Stephen King-Rock Star

I’ve only read one Stephen King novel, the rock-infused "Christine".  Oh, he’s a great storyteller, but I’m not much into the supernatural, and I’d like a little more flesh on the plot.  But Mr. King has won me over with his column in "Entertainment Weekly".  You see, he’s honest.

It doesn’t take much to turn the tide.  Just a viewpoint, or a tip.  Then a fan coddles up to a star and the bond doesn’t break until many offenses are committed.  We view our heroes, those we believe in, like brothers, we don’t break family ties easily.

Belief.  That’s been left out of the rock star equation.  We no longer believe in Bono.  It’s the phony glasses, and his urge to save the world.  He doesn’t seem to be playing to us anymore, rather to a higher class of people, in control of the universe.  As for Bruce Springsteen, he stepped out on his wife.  You may judge him on his music, but his working class fans, his moralistic fans, just couldn’t understand it.  They found out in the tabloids?  Shouldn’t he have announced a formal separation, never mind a divorce?

I still listen to U2’s music, but I never miss a chance to slam Bono, he messed with my vision of him, the guy who made "Achtung Baby" and followed it up with that fabulous tour.  As for Bruce, shit, I forgive his marital transgression, relationships are hard when you’re a loner musician, but when he gets all preachy now it makes me want to throw something.  Hey Bruce, why don’t you laugh and say you don’t know shit, like the rest of us fiftysomethings.  Why don’t you humanize yourself, speak through your music, stop preaching to a choir that doesn’t exist.

Then again, Bruce did write that anti-Bush editorial in the "New York Times".  He took a stand, when everybody was afraid of being Dixie Chicked.  Hell, Bono went to the Oval Office.  I ain’t NEVER gonna go to the Oval Office with Bush in residence, no matter what award they want to give me.  Sure, they’re not going to give me an award, but I wouldn’t speak to O.J. over Christmas for the same reason.  Yup, he was in the hotel, for a week, fuck him.

What caused me to truly turn the corner on Stephen King was his list of favorite tracks at the end of 2005 in EW.  It included James McMurtry’s "We Can’t Make It Here".  I haven’t heard anything that good since.  You get props for enriching my life like that.  That’s why I believe in Stephen King.

I read everything about the man now.  The book reviews, the articles.  I’m following him.  And I was stunned, positively amazed, when I read his comments in "Newsweek" today.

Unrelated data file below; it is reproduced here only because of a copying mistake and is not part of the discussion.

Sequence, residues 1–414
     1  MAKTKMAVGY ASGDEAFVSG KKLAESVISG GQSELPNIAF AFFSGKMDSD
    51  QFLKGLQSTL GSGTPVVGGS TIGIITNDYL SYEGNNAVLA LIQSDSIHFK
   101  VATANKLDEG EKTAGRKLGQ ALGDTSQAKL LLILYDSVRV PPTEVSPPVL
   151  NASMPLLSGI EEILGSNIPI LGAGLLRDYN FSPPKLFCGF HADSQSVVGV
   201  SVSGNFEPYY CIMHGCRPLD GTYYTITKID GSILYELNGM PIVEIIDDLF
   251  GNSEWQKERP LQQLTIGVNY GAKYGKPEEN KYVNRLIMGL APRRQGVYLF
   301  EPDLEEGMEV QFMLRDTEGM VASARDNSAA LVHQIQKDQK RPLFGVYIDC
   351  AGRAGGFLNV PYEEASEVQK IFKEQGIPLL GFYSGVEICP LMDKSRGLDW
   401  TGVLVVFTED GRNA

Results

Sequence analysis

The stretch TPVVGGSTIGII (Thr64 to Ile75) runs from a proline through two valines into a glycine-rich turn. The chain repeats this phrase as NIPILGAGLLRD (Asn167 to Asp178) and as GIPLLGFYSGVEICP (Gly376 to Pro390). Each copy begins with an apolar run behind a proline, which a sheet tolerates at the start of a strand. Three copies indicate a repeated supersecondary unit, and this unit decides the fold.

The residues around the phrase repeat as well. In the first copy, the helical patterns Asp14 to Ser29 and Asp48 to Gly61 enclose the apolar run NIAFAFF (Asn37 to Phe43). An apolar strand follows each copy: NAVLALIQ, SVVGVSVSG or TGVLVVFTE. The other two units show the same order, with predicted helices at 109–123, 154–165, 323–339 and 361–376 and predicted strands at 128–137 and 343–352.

Yes, on page 50 of the January 22nd issue, there’s a large picture of Mr. King and his To-Do list for the rest of his life.

1. To live to see George W. Bush tried for crimes against humanity.

2. To fly in space – orbital would be fine – and to write about it.

3. To see "American Idol" canceled.

Starting with number two.  I get that as a writer.  It’s so powerful, so much fun to write about a great experience.

But really, it’s number one that titillates.  He’s not only hitting, he’s hitting hard.  There’s no pussyfooting, there’s no obfuscating, he’s not only laying it out, he’s punching. 

But it’s number three I’m most interested in.  While Clive Davis is being lauded for his "American Idol" achievements in the L.A. "Times", as the besuited execs clamor for a similar opportunity, while everybody’s creaming in their jeans over all that money, Stephen King is saying what we music fans feel.  He’s playing the Nazi in "The Producers".  This isn’t music.  This isn’t what he and we believe in!

Listen to those gurus who say that it’s only about units, about cash, that anything you do to achieve this goal is okay, the public is not paying attention.

I’ll tell you, most of America is like the people in McMurtry’s "We Can’t Make It Here", working for a wage, trying to make ends meet and doing it honestly.  They’ve got no opportunities to sell out, and wouldn’t if given the chance, all they’ve got is their dignity.

We’ve got a phony country, involved in a phony war.  The tide is starting to turn.  The 2006 election taught us that.  Used to be that music led the charge, hell, remember "Eve Of Destruction"?  But now music is at the end of the endless media parade going in the wrong direction.

I don’t believe in Bono.

I don’t believe in Davis.

I don’t believe in Morris.

I don’t believe in Carey.

I don’t believe in Levy.

I don’t believe in Jay-Z.

I don’t believe in Top Forty.

I don’t believe in Best Buy.

I do believe in McMurtry.  And King.  And Jobs too.

And life is meaningless without belief.

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